On March 15, 2012 St. Louis Circuit Judge Bryan Hettenbach, affirmed St. Stanislaus' ownership of its property and its right to craft bylaws that limit the authority of the Roman Catholic Church over our congregation. The case came to trial after 18 months of legal wrangling, and it took Hettenbach more than a year from the end of the trial last February to rule. found for that board in 10 of the case's 12 counts. In the 50-page decision, the judge ruled that "the Archbishop may own the souls of wayward St. Stanislaus parishioners, but the St. Stanislaus Parish Corporation owns its own property." In reading the ruling, one phrase repeatedly jumps out, in count after count: "Judgment is entered in favor of Defendant Polish Roman Catholic St. Stanislaus Parish."
On February 13, 2013 St. Stanislaus Parish and the Archdiocese of St. Louis issued the following joint statement: "The Archdiocese of St. Louis and St. Stanislaus have resolved their legal dispute. The Archdiocese will dismiss its appeal and the judgment of the trial court is now final. St. Stanislaus has agreed that it will not hold itself out as affiliated in any way with the Archdiocese of St. Louis or the Roman Catholic Church. By bringing this legal dispute to an end, we pray that this will help to initiate a process of healing.”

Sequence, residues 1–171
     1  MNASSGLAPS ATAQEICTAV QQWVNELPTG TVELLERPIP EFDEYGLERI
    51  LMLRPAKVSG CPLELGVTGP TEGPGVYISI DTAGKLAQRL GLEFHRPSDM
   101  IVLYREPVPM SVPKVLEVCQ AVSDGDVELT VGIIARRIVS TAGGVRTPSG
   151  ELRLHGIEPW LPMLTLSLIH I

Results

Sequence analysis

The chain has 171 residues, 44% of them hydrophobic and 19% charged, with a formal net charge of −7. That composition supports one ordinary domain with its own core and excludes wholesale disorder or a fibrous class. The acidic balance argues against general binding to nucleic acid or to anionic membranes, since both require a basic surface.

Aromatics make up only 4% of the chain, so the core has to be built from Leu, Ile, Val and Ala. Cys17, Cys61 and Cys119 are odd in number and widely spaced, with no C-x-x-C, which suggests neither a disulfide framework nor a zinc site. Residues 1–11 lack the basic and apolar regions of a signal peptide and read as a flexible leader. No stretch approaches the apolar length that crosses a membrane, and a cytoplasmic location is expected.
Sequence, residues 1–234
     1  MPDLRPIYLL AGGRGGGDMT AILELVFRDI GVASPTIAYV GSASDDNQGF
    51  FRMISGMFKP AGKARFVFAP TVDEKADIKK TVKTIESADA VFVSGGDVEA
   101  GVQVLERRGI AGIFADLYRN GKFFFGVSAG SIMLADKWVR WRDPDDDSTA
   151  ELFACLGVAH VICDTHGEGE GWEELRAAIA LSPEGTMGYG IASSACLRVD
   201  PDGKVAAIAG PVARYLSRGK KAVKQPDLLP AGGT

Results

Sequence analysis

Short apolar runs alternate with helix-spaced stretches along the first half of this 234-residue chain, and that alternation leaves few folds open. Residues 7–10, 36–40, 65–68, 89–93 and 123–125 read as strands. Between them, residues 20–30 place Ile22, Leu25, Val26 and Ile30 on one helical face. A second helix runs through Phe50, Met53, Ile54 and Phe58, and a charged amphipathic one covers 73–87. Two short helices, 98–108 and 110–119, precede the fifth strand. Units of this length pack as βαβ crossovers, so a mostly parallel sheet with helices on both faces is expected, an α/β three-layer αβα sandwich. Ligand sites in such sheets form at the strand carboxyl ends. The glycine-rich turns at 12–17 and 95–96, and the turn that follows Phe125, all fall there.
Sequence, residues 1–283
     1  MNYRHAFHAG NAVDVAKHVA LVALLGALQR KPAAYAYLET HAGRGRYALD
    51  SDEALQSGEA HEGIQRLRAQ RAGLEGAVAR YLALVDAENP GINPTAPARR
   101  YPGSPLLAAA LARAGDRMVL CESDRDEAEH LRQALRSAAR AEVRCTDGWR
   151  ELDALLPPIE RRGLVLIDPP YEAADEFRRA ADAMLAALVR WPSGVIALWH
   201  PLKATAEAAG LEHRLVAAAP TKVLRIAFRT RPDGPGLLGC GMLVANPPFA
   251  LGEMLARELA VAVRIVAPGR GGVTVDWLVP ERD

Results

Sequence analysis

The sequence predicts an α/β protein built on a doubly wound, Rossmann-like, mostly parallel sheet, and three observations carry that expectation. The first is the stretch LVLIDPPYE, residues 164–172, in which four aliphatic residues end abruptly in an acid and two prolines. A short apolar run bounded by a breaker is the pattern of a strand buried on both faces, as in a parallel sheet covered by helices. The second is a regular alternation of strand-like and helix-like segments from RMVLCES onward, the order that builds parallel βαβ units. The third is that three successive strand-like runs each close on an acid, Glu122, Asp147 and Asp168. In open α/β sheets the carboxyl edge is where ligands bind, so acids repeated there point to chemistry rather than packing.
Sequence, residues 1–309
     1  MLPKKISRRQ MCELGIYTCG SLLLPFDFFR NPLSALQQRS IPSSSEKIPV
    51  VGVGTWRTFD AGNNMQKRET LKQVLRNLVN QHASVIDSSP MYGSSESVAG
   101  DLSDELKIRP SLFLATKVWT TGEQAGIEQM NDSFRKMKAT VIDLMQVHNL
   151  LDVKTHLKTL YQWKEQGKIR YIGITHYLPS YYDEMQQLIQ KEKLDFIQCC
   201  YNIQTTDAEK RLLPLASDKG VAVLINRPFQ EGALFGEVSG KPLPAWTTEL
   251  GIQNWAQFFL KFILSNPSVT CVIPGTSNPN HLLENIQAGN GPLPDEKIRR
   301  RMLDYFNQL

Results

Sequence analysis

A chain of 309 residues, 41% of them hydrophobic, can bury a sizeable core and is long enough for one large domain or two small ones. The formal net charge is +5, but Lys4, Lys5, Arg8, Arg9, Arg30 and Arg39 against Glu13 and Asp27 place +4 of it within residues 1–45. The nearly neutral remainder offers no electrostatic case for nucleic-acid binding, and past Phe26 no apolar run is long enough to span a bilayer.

After 120 years of independence, the people of St. Stanislaus now have a court decision acknowledging their freedom to chart their own course. Now that this long dispute has finally come to end, it is time to move on. ST. STANISLAUS LIVES!!!
St. Patrick Center is building permanent, positive change by helping hundreds of families each year move into permanent HOMES; by placing hundreds of people each year into full-time and part-time JOBS; and by providing HEALTH services to hundreds of people each year dealing with mental illness and/or substance abuse.
A portion of Old North St. Louis Restoration Group’s programming has been funded in part with a grant from the U.S. Dept. of Housing & Urban Development, made possible by the City of St. Louis Community Development Administration.